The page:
Mentions: To characterize the role of the core gene set in breast cancer prognosis, we first evaluated the gene set’s ability to classify samples in the van de Vijver dataset as metastatic or non-metastatic. We repeated our Random Forest analysis as described previously, but instead used the core gene set’s component gene expression values as features. Our analysis achieved an AUC score of 0.65 (Figure 7A), a relatively good score for a single gene set, which suggests that the core gene set is ably capturing metastasis information.Figure 7

Bottom Line: Using the GSAS metric, we identified 120 gene sets that were significantly associated with patient survival in all datasets tested.Most interestingly, removal of the genes in this gene set from the gene pool on MSigDB resulted in a large reduction in the number of predictive gene sets, suggesting a prominent role for these genes in breast cancer progression.We used this metric to identify predictive gene sets and to construct a novel gene set containing genes heavily involved in cancer progression.

View Article: PubMed Central - PubMed

Affiliation: Department of Genetics, Geisel School of Medicine at Dartmouth, Hanover, New Hampshire, 03755, USA. Frederick.S.Varn.Jr.GR@dartmouth.edu.

ABSTRACT

Background: Patient gene expression information has recently become a clinical feature used to evaluate breast cancer prognosis. The emergence of prognostic gene sets that take advantage of these data has led to a rich library of information that can be used to characterize the molecular nature of a patient's cancer. Identifying robust gene sets that are consistently predictive of a patient's clinical outcome has become one of the main challenges in the field.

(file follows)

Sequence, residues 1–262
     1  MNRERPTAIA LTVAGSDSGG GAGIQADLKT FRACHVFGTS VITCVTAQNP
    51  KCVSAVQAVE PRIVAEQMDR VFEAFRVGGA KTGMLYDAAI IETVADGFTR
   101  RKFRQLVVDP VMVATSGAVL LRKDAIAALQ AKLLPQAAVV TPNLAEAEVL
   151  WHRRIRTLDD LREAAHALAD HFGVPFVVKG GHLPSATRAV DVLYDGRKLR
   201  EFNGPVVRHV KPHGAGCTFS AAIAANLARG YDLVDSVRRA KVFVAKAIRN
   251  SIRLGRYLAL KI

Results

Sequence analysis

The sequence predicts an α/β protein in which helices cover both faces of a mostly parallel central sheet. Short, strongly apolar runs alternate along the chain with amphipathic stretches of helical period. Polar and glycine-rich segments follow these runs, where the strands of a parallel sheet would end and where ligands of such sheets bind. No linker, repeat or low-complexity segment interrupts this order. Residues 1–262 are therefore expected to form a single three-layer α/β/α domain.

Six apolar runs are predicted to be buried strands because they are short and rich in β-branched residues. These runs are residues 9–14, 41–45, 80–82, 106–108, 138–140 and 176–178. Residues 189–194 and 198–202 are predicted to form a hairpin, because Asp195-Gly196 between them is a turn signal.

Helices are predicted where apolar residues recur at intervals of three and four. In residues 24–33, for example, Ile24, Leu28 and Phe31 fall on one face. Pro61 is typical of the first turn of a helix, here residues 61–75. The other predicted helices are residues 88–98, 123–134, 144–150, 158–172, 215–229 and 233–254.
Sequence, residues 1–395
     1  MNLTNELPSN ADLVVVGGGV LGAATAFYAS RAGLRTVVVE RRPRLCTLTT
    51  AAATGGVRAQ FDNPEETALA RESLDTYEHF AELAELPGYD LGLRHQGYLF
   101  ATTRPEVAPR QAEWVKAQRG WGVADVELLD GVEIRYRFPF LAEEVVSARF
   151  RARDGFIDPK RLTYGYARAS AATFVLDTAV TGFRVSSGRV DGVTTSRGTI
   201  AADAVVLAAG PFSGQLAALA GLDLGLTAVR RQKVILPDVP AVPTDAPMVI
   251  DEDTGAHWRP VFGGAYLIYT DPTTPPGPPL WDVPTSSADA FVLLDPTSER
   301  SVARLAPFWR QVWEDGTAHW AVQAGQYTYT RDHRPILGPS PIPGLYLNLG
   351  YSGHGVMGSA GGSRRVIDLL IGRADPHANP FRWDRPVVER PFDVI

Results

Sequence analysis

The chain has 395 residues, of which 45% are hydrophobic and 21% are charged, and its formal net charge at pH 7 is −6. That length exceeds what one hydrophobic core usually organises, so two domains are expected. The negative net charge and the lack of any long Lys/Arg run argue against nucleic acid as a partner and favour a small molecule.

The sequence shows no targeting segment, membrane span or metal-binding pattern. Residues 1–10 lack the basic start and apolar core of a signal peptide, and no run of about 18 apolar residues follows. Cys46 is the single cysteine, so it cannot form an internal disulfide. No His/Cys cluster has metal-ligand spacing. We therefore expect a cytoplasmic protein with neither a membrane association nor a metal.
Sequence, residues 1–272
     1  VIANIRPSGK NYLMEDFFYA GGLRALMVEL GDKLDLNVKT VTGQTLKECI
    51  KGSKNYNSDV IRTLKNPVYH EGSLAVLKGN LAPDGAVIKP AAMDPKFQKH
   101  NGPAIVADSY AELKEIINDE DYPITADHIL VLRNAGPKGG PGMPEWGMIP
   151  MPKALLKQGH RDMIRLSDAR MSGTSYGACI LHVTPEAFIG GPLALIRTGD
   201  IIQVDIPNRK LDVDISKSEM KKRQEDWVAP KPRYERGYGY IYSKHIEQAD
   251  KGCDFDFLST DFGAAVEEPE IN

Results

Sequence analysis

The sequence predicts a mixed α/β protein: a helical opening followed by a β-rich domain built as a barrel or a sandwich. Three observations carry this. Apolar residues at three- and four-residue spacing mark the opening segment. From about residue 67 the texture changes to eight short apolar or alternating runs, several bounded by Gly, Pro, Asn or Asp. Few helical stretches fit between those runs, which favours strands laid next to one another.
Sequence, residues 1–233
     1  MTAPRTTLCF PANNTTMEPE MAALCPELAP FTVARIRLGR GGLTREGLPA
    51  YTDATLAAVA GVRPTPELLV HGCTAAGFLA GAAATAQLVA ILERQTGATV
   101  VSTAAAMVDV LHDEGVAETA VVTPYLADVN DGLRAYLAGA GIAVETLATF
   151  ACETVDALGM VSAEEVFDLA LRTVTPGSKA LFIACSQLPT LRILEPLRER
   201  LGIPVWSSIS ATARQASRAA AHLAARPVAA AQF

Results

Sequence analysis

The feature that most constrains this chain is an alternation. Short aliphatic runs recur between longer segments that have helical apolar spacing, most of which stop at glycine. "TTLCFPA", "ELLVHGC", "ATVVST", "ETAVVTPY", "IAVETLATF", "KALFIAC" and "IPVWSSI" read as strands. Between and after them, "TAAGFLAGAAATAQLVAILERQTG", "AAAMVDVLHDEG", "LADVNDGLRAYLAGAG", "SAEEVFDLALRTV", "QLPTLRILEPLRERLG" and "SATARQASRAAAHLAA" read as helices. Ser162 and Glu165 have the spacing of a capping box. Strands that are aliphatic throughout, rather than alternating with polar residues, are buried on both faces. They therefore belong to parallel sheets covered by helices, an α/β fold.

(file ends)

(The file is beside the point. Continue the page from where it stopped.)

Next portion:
Methods: We inputted our previously established BASE algorithm with patient gene expression data and gene sets from MSigDB to develop the gene set activity score (GSAS), a metric that quantitatively assesses a gene set's activity level in a given patient. We utilized this metric, along with patient time-to-event data, to perform survival analyses to identify the gene sets that were significantly correlated with patient survival. We then performed cross-dataset analyses to identify robust prognostic gene sets and to classify patients by metastasis status. Additionally, we created a gene set network based on component gene overlap to explore the relationship between gene sets derived from MSigDB. We developed a novel gene set based on this network's topology and applied the GSAS metric to characterize its role in patient survival.

Results: Using the GSAS metric, we identified 120 gene sets that were significantly associated with patient survival in all datasets tested. The gene overlap network analysis yielded a novel gene set enriched in genes shared by the robustly predictive gene sets. This gene set was highly correlated to patient survival when used alone. Most interestingly, removal of the genes in this gene set from the gene pool on MSigDB resulted in a large reduction in the number of predictive gene sets, suggesting a prominent role for these genes in breast cancer progression.

Conclusions: The GSAS metric provided a useful medium by which we systematically investigated how gene sets from MSigDB relate to breast cancer patient survival. We used this metric to identify predictive gene sets and to construct a novel gene set containing genes heavily involved in cancer progression.

No MeSH data available.


Related in: MedlinePlus